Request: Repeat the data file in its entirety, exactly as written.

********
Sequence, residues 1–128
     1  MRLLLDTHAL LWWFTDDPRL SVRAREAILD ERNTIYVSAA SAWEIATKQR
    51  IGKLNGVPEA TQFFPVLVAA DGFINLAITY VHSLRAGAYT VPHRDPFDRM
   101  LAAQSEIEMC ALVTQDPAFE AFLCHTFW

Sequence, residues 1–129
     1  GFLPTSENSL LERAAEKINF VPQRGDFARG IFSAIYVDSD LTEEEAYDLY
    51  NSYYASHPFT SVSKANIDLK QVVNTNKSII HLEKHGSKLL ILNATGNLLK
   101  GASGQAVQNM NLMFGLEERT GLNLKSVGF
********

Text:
Sequence, residues 1–128
     1  MRLLLDTHAL LWWFTDDPRL SVRAREAILD ERNTIYVSAA SAWEIATKQR
    51  IGKLNGVPEA TQFFPVLVAA DGFINLAITY VHSLRAGAYT VPHRDPFDRM
   101  LAAQSEIEMC ALVTQDPAFE AFLCHTFW

Sequence, residues 1–129
     1  GFLPTSENSL LERAAEKINF VPQRGDFARG IFSAIYVDSD LTEEEAYDLY
    51  NSYYASHPFT SVSKANIDLK QVVNTNKSII HLEKHGSKLL ILNATGNLLK
   101  GASGQAVQNM NLMFGLEERT GLNLKSVGF